In this episode of The Digital Broker, Steve and Ryan discuss how physical space reflects and supports office culture. By listening to this episode, you will learn:
- How practically everything inside your office says something about your company
- How this affects your employees and visitors
- What to keep in mind as you prepare to rethink and redesign office
Picture, if you will, the scene: you and a group of other brokers are invited to take a tour of a brokerage’s new headquarters. The shuttle drops you off, and you see that the building is big enough to hold over three hundred employees—this must be a large brokerage. After passing a security gate, you are impressed by the spacious front yard, with its immaculate landscaping, inviting walkways, even a fountain at the center. This seems like a company that values wellness.
Inside the building, the stupor continues. You were expecting the usual horror show of cubicles; producers spread out in lofty, windowed offices, account managers relegated to the dank interior. Nothing like that here. There are windows everywhere. Employees divide their time between large, airy, collaborative workspaces and glass-enclosed private pods, each with its own desk. Is this a brokerage or a Silicon Valley startup?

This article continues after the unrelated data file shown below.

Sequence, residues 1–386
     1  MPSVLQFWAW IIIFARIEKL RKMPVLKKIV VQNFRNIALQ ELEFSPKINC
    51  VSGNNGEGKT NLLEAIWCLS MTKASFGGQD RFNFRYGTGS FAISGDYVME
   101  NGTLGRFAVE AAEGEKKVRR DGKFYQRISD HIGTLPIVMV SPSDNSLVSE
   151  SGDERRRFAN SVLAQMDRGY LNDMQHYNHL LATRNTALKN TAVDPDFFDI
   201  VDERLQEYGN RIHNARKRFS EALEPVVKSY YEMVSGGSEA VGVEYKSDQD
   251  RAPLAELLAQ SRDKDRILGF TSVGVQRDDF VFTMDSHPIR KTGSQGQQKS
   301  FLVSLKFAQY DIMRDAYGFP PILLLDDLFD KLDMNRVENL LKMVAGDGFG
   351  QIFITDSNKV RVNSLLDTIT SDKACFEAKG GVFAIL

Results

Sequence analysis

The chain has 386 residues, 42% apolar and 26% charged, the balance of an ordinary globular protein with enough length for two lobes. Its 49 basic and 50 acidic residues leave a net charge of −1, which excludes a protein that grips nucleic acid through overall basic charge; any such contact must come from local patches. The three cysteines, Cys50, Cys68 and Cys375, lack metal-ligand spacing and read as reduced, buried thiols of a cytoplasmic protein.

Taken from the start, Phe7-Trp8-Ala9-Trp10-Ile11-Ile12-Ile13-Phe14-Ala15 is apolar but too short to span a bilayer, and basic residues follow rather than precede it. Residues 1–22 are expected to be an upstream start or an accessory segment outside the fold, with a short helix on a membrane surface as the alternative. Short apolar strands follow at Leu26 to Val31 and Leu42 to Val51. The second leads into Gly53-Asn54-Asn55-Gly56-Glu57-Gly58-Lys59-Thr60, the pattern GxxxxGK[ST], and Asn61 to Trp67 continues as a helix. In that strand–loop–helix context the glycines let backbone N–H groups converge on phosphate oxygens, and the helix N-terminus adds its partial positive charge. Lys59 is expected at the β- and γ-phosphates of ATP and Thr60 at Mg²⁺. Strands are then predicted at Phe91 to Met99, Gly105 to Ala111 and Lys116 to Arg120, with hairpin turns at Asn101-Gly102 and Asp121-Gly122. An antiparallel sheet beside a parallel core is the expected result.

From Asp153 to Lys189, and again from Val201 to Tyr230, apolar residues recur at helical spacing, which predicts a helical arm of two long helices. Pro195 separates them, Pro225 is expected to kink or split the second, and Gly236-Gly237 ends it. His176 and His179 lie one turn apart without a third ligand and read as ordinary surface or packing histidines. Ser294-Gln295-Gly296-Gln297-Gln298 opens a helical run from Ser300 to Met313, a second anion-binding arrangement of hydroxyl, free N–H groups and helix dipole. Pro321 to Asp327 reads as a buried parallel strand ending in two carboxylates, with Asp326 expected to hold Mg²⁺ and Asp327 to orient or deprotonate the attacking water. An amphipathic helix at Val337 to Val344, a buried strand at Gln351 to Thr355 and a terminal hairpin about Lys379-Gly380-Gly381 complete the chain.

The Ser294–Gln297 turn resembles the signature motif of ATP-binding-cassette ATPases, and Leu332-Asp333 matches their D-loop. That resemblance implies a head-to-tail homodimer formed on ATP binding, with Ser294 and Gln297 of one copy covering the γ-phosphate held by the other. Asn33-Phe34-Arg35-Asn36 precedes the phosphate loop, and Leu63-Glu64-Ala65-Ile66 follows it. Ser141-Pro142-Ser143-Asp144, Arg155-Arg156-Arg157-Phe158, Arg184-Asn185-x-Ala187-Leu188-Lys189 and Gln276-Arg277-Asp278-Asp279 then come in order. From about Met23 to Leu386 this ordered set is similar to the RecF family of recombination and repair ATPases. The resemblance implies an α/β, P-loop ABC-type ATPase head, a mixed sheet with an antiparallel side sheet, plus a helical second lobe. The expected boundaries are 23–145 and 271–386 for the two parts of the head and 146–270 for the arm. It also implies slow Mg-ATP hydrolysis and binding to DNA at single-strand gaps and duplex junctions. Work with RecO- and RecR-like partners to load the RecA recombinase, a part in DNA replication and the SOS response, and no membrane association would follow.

Your guide leads you out on an atrium—yes, an open-roofed atrium. In a corner are some barbecue grills and a kitchenette. Some employees are hanging out and talking like they might do on a cafe patio, except that they’re at work. This is starting to look like an agents’ paradise. But opinion among your group is mixed.
“Waste of space!” says one broker. “We would never do a thing like this at our agency!” Others murmur in approval or disapproval—but the group is in for another controversy.
A bar! Inside the office building! And not some crappy minibar, either. We’re talking twenty-foot countertop, wine chillers, even beer on tap. Now your group is certifiably incensed. What’s the company saying with this? That they’re okay with employees drinking on the job? Or, that they trust their employees to behave like adults and drink responsibly?
Either way, the group is right about one thing: the bar does say something about the company, as does everything else in the building.
This is not a fictional headquarters. We won’t tell you whom it belongs to, but Steve and Ryan toured a place like this recently, and they tell you all about it in this episode of The Digital Broker. Shockingly, the brokerage that occupies it didn’t inherit it from a previous company; it designed it and built it from scratch. That’s right: an operations team sat inside a room and determined that an atrium, a bar, and a barbecue would all be net positives for the company.
This does not need to be the conclusion you arrive at, but the point isn’t whether you allow employees to grill onsite. Are you taking the time to conceive, design, and implement a work environment that’s conducive to employee comfort and productivity? (4:25) We’re not the first to suggest that this has an impact on your performance, but it bears repeating in the insurance space: company culture is a blend of top-down directives and bottom-up phenomena, and the environment that surrounds your employees on a day-to-day basis is a huge component of that. If your office is dingy, depressing, or disorganized, it will wear on your employees’ psyche and diminish company performance.